If the rock rolled back down the mountain, Sisyphus pushed it up again. The Myth of Sisyphus, Camus The Gods wanted to punish Sisyphus with a fate worse then death, eternal and meaningless labor. However, Sisyphus found happiness in accepting his fate.
This limpid novel offers up a vivid anatomy of the adolescent sensibility. The challenge in writing about high-school age kids -- particularly the sort of generally well-off and healthy kids that populate this book -- is that the whole world lies before them, and even if they fail, they have years to recover.
Wolff, though, manages to make the stakes inOld School feel high even to an adult reader by never condescending to his characters. He gives them baroque angsts and passionate urges, but he also gives them a sense of proportion and an innate understanding of their own moral failings.
Wolff takes seriously the predicament of a narrator, at any age, who wants more than he has and is willing to sink into a morass of moral turpitude to get it. After visits by Robert Frost and Ayn Rand both personalities are dramatized unforgettably heresome gamesmanship around a chance to meet Ernest Hemingway provides the narrator an opportunity to enact the sort of calamitous bad judgment that can lead to profound regret and tip one over into adulthood.
The stakes, we feel at the end of this book, were really as high as they felt all along. The child is father to the man. Our regrets stay with us. Dean Makepeace set up the visit with Hemingway and hinted at knowing him personally, but he had no acquaintance with him.
The dean put himself into a mental prison as a result of that bit of dissembling, but how much different is that prison from the tortures of adolescence?
The Sense of an Ending, by Julian Barnes: Over the course of the novel, the narrator strips away the layers of his own illusion -- or rather, he has them stripped away from him by force. And that is probably what is most disturbing about this beveled gem of a book.
We bury our mistakes so successfully that we no longer feel accountable for atoning for them. This book is a draught of cold air, a slap in the face, a wakeup call. The Reluctant Fundamentalistby Mohsin Hamid: The way the second-person narration functions in this novel is a thrill to behold.
Hamid keeps things tense by keeping them indeterminate. The very fact that that politeness scans as sinister is part of the driving engine of this book.
And his interlocutor, about whom we know so little -- is he a regular civilian or an intelligence agent of some sort? I was spellbound by the artistry of a book that succeeds at the challenging task of making possible two diametrically opposed interpretations -- that Changez is a jihadist, and that he is an ordinary man in an intense conversation who may be being radically misunderstood.
As the book approaches its climactic final moment, the pitch of emotions rises subtly, inexorably, and one feels like a lobster in a slow-boiling pot.
Cloud Atlasby David Mitchell: So much has been said about this extraordinary book that one wonders what one might add to the conversation. Instead, what we have is a full-blooded, big-hearted, human story.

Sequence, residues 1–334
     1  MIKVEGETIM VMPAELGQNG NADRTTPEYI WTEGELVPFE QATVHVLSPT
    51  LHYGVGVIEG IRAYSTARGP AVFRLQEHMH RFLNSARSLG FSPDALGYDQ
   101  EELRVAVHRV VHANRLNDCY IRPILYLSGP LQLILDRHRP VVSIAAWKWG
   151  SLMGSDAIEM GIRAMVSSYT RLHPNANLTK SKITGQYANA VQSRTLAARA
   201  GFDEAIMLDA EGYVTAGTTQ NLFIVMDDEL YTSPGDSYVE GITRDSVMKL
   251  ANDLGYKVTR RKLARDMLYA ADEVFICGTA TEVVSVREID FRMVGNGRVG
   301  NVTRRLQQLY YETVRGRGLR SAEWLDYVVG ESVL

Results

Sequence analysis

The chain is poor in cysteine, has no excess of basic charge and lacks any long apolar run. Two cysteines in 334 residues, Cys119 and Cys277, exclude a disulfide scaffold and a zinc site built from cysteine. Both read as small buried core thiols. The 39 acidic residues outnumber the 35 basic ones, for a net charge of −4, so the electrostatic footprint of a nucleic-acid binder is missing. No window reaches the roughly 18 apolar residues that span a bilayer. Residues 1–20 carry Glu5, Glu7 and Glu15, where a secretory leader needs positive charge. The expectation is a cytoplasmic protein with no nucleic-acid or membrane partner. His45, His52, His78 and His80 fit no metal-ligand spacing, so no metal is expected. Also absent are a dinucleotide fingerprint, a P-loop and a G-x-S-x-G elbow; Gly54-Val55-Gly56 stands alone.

There is no ironic distance from the more conceptual material, no winking at the reader. We relax in the hands of a storyteller who will see to every detail and think through the larger implications of every choice. We settle in for the ride. And what a ride it is.
One of the under-remarked aspects of this book is what a page-turner it turns out to be, how thoroughly engrossing. The Easter Paradeby Richard Yates: A book whose astringent worldview makes Revolutionary Road seem at times almost cheerful.ALBERT CAMUS TheStranger PATRICK McCARTHY.
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In THE STRANGER by Albert Camus, the character Meursault is a man apart. Though he exists w/ other humans, he is obviously on an entirely different wavelength!
Meursault will commit a heinous crime/5(K). Start studying Humanities. Learn vocabulary, terms, and more with flashcards, games, and other study tools.
Search. Albert Camus () The Stranger () "I have always depended upon the kindness of strangers." The play was hailed for its dramatic naturalism, and its gritty language and the dramatic force of its characters. Born in Algeria in , Albert Camus published The Stranger—now one of the most widely read novels of this century—in Celebrated in intellectual circles, Camus was awarded the Nobel Prize for Literature in On January 4, .
Pertinent quotes from The Stranger. Helpful for writing essays, studying or teaching The Stranger. Albert Camus. This section contains 1, word (approx.
5 pages at words per page) for the first time, I that night alive with signs and stars, I opened myself to the gentle indifference of the world. Finding it so much life myself. Finding himself in the company of a Brazilian poet, Camus offers this scathing assessment:"Enormous, indolent, folds of flesh around his eyes, his mouth hanging open, the poet arrives.
Anxieties, a sudden movement, then he spills himself into an easy chair and stays there a little while, panting.